A new art magazine in the circuit (Weekly art column, Rainbow Palette, with images)

June 19th, 2009 - 12:19 pm ICT by IANS  

By Madhusree Chatterjee
New Delhi, June 19 (IANS) Are you an avid art collector or an investor? Do you have a passion for art? Well, here is something new to look forward to.

A new quarterly art magazine Art Etc launched by Kolkata-based Emami Chisel Art Private Limited Friday.

Chisel Art, owned by the Emami Group, has one of the biggest auction houses in eastern India and manages an art house, Aakriti Gallery, in Kolkata.

The magazine - a colour spread of 136 pages - was launched by senior artist K.G. Subramanyan. Along with the launch there were several rounds of discussions on contemporary art and its current state.

The inaugural issue is pan-Indian with articles as diverse as art practices in Vadodara, a review of Sharmila Samant’s show at the Biennale of Sydney in 2008, profiles of several young artists and a history of the Emami Chisel Art Auction House.

Vikram Bachhawat, one of the directors of Emami Chisel Art, said the first issue of Art Etc was important because it contained essays on art and profiles of artists who live and work on the margins.

“While Moushumi Khandali explores the contemporary art practices of the northeast ravaged by violence, Rajashree Biswal examines the Dalit issue in art represented by Savi Savarkar, a neo-Buddhist,” Bachhawat said.

The launch of the magazine will be complimented by a solo show by senior artist K.G. Subramanyan at the Akriti Gallery June 20 as a belated tribute to the artist on his 85th birthday.

“We will showcase 72 paper works, 21 reverse paintings on acrylic sheets and nine canvases painted by the artist in 2007-2008,” Vikram and Priya Bachhawat, owners of the Aakriti Gallery, told IANS from Kolkata.


Market boosts

Sotheby’s annual sale of Indian art in London June 16 was a pep pill for the market revealing that all was on track in terms of prices for top artists.

Francis Newton Souza’s “Orange Head” and Jogen Chowdhury’s “Day Dreaming” were the top-selling lots for the sale.

Jogen Chowdhury’s ink and pastel composition, “Day Dreaming” sold for 373,250 pounds ($609,629), over three times its pre-sale estimate of 80,000-120,000 pounds setting a new price record for the artist.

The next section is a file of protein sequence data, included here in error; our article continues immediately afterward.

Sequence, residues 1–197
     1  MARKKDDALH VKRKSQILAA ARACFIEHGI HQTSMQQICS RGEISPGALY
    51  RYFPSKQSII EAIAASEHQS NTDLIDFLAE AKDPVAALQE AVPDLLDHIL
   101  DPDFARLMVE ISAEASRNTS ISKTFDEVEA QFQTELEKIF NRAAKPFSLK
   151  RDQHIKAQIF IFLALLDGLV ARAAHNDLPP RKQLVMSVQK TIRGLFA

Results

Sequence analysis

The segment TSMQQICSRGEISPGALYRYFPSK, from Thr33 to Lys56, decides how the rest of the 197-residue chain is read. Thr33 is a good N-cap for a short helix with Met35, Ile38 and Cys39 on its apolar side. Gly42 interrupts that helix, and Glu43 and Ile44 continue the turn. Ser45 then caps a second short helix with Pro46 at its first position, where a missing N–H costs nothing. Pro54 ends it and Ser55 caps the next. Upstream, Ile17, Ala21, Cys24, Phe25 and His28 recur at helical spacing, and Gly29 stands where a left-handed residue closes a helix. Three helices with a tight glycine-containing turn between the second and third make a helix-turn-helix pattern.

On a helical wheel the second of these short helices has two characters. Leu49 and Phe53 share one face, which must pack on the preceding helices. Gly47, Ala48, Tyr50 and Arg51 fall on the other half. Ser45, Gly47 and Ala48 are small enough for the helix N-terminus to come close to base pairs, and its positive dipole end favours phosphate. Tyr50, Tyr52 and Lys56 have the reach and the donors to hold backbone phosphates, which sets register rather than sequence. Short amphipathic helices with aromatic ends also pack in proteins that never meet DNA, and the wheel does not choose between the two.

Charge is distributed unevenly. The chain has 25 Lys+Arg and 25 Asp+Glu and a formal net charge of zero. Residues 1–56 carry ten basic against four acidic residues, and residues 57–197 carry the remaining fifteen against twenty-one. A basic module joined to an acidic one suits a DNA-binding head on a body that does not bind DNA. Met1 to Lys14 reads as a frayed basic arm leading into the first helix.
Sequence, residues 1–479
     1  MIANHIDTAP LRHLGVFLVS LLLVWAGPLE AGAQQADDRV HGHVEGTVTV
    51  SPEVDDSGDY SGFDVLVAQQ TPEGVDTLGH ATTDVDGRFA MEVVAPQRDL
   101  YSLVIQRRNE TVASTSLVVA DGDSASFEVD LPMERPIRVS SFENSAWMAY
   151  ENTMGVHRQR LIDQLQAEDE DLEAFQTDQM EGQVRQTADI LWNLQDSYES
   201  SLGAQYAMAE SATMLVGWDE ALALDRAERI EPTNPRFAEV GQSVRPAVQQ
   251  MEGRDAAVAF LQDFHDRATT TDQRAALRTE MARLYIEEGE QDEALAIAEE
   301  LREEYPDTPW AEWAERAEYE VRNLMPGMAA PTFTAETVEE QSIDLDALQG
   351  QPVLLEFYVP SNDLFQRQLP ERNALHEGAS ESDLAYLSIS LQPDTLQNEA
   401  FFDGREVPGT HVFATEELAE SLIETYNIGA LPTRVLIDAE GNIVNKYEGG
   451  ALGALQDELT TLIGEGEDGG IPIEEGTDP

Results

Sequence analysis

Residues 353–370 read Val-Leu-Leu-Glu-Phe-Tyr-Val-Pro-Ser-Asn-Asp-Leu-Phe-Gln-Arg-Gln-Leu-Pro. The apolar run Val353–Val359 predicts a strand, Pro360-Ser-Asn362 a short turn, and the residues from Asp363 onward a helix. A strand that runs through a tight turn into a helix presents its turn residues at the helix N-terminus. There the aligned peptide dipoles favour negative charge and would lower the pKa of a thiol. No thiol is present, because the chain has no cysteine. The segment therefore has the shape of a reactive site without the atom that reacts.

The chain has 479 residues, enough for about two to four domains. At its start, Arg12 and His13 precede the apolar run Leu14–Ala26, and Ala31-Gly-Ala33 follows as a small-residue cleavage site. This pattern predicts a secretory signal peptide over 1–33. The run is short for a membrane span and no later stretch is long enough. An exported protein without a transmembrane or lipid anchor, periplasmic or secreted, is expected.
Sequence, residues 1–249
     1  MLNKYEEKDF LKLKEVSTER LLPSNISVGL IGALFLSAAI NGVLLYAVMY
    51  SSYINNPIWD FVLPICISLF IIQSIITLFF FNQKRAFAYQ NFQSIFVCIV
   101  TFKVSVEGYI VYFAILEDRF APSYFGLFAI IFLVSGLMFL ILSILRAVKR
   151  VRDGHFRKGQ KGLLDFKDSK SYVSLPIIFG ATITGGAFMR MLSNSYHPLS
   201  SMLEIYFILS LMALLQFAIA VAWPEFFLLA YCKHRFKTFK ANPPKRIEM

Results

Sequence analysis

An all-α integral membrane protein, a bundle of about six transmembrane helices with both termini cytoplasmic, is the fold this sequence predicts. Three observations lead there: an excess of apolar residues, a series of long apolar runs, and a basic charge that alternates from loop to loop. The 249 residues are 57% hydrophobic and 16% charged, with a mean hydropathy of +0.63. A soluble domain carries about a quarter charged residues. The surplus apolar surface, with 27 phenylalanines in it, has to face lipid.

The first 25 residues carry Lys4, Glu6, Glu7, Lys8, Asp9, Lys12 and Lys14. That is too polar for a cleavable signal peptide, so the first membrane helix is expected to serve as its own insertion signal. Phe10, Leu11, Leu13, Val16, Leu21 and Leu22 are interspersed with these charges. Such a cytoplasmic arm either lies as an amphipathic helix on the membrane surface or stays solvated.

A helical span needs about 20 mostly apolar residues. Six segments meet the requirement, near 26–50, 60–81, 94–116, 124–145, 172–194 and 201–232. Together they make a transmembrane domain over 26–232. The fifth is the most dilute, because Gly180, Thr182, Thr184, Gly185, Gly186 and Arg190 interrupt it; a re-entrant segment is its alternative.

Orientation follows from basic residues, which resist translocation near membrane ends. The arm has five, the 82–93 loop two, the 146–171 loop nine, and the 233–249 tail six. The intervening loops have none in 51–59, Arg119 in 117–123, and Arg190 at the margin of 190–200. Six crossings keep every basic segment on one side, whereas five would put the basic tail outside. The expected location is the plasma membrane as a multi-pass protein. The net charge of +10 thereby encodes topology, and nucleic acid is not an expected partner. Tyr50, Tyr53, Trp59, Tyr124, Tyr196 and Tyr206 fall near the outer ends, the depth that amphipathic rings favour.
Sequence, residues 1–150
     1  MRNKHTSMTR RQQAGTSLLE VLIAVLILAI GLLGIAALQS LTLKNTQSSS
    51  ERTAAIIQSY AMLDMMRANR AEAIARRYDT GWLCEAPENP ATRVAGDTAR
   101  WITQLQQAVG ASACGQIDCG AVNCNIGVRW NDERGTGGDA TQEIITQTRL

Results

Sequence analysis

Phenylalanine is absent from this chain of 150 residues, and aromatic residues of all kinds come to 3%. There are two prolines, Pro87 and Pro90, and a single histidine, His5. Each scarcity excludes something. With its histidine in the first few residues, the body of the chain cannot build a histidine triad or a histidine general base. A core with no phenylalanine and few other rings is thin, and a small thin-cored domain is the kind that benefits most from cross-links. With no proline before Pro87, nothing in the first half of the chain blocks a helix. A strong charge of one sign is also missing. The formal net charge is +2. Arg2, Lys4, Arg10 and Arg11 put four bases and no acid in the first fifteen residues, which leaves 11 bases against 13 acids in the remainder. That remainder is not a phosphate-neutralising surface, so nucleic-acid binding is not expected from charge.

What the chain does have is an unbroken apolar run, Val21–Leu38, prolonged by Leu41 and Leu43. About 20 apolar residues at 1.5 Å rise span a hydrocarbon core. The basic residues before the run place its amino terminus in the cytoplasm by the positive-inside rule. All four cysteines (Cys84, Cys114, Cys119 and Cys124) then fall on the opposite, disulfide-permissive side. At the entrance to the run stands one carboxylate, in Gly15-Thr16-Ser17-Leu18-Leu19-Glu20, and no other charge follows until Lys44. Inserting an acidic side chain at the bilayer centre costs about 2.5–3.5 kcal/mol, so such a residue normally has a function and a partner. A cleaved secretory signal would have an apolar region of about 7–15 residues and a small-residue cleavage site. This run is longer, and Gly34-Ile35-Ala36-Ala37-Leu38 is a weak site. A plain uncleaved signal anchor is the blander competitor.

Francis Newton Souza’s “Orange Head” sold for 403,250 pounds against an estimate of 80,000- 120,000 pounds. Officials at Sotheby’s said this was the highest price of the summer auction series of Indian Art at any auction house.

“Horses”, 1950 canvas by Maqbool Fida Husain was picked up by a private collector in the US for 109,250 pounds while an untitled 1953 canvas went to a private collector in London for 1103,250 pounds.

A collector from India carried home another untitled canvas for 85,250 pounds.

Another untitled oil on canvas work by Manjit Bawa sold for

882,850 pounds.

The sale raked in more two million pounds, a sum in excess of the pre-sale expectation of 1.1-1.7 million pounds.


Arts entrepreneur

Sunil Vishnu, the chief executive officer of Evam, a house of theatre and story-telling in Chennai, has been chosen as the India finalist for Young Performing Arts Entrepreneur 2009 by the British Council.

The organisation uses drama as a personality development tool commercially.

The award was announced by Adam Pushkin, head of Arts and Creative Industries, British Council India and Sri Lanka June 13.

Eight arts entrepreneurs from across the country contested for the award, which besides the trophy, would allow them to compete with the international finalists in August in Edinburgh, and get 5,000 pounds to develop business links with Britain in performance arts.

The award is part of the Young Creative Entrepreneur (YCE) Award programme that recognises the talent and initiative of young entrepreneurs from across creative industries and the role they play in the development of a sustainable creative economy.

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